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This course provides a critical look at the fundamental principles of forensic science and its origins. Techniques and instrumentation employed by forensic experts, methodology used to maintain continuity and integrity of evidence and evolving best practices are examined and analyzed. The role of physical evidence in civil and criminal trials will be evaluated and challenged based on current practices in forensic science.
This course isn't currently offered through BCIT Part-time Studies. Please check back next term or subscribe to receive email updates.
Upon successful completion of this course, the student will be able to:
Evaluate the principles of scientific methodology, comparison, and identification.
Distinguish the techniques used by the forensic identification specialist to document the crime scene.
Evaluate the secure management of information and evidence related to collection, storage, and transmission, and access to forensic evidence on computer systems.
Defend the techniques used by the forensic identification specialist to detect, recover, and analyze evidence.
Analyze the methods used by the forensic identification specialists to minimize the impact on the crime scene and maintain continuity and integrity of evidence.
Synthesize the knowledge required to bridge the application of forensic science to forensic health sciences.
Identify biological evidence suitable for forensic DNA analysis.
Synthesize scientific explanations of forensic DNA analysis.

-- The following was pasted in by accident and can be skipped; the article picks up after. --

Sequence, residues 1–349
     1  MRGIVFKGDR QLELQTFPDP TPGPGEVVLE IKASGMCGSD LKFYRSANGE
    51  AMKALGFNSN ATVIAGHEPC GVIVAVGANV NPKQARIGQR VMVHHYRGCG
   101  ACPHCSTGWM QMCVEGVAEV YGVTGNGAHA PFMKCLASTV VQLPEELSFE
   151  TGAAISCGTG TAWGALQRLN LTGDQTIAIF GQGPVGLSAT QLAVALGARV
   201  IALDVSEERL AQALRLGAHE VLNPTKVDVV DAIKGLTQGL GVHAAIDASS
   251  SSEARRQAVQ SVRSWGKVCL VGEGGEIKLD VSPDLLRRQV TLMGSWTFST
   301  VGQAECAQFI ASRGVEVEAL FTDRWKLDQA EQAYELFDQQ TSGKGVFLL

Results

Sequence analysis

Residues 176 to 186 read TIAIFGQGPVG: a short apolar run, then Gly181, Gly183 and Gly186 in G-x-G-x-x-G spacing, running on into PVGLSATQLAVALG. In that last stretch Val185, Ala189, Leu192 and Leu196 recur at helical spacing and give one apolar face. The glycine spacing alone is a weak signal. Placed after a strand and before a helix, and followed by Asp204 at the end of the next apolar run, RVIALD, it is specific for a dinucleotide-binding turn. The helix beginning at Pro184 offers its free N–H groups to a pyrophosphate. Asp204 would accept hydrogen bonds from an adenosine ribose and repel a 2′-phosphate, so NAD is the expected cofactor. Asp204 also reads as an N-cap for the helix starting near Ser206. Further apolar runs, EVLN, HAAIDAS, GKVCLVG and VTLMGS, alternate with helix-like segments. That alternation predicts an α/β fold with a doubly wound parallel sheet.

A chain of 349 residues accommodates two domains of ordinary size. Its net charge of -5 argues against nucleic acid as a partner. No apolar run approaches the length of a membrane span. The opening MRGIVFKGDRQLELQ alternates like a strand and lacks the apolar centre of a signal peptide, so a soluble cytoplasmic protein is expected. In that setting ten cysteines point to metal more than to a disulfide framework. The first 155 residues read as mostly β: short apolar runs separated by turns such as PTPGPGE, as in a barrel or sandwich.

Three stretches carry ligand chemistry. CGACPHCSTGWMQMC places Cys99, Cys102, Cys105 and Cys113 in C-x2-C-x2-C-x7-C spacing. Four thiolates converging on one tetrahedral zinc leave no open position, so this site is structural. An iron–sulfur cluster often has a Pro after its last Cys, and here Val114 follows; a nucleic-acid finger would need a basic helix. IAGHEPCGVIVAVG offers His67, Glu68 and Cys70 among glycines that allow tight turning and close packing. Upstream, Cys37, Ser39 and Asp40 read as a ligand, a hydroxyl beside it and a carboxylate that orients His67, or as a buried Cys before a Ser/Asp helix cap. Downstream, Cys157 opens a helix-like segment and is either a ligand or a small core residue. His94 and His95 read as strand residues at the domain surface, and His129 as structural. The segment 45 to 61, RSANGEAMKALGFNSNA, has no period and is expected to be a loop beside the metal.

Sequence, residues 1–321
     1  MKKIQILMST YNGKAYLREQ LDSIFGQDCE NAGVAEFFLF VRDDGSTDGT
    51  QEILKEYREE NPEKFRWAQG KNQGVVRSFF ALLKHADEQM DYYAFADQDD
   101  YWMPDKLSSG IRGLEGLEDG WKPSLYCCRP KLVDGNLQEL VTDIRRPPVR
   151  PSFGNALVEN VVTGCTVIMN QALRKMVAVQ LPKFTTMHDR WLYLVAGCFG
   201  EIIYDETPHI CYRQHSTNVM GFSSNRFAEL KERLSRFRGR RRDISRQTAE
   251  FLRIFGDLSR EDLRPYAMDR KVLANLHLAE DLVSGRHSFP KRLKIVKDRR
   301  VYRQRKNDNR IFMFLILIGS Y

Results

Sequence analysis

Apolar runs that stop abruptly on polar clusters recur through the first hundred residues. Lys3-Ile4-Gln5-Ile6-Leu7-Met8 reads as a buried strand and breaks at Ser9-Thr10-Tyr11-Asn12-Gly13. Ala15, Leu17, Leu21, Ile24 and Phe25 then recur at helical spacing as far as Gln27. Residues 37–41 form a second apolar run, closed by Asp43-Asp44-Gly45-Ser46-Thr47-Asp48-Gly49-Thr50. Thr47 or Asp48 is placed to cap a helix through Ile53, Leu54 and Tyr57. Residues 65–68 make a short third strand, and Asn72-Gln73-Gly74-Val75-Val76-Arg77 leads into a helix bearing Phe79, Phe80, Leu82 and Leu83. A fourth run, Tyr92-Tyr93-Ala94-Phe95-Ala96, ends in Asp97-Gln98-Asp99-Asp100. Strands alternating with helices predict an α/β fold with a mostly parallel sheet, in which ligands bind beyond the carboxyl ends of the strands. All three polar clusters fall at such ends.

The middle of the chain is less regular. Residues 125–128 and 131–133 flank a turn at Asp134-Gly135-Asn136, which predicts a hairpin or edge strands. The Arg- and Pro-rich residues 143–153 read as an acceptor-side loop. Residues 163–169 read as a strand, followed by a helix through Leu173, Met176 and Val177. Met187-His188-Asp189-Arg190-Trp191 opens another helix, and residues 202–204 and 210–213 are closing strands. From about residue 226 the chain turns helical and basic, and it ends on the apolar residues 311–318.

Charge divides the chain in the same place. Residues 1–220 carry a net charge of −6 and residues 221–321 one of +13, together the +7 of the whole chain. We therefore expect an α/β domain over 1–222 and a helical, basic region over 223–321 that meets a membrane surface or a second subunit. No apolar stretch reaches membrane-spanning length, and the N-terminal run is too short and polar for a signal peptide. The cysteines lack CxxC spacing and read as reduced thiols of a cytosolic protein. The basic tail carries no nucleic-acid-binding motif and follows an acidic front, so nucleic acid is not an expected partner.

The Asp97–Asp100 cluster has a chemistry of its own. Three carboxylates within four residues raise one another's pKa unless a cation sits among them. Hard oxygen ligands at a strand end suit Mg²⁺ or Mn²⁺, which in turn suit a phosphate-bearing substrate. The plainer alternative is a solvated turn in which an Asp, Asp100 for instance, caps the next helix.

Distinguish the methods used by the forensic entomologist to determine time since death.
Describe features of the human skeletal system used by the forensic anthropologist to determine sex, age, stature, and race.
Analyze unique features of the human skeletal system used by the forensic anthropologist to aid in the identification of human skeletal remains.
Evaluate the applications of trace chemical evidence.
Describe the classification and identification methods used by the trace chemical evidence expert.
Distinguish the principles and procedures in making firearm and tool mark identifications.
Evaluate the responsibilities of the BC Coroners Service and its role in the field of forensic science.
Assess the principle of facial recognition and the use of facial reconstruction as an investigative tool.
Describe the fingerprint Henry Classification System, levels of friction ridge detail, and the philosophy of fiction ridge individualization.
Evaluate the methods and techniques used by the forensic video analysis expert for the scientific examination, comparison and/or evaluation.
Distinguish the methods and techniques used by the forensic toxicologist to analyze and interpret the presence of drugs/poisons from biological fluids and tissues.
Effective as of Fall 2018
FSCT 9320 is offered as a part of the following programs:
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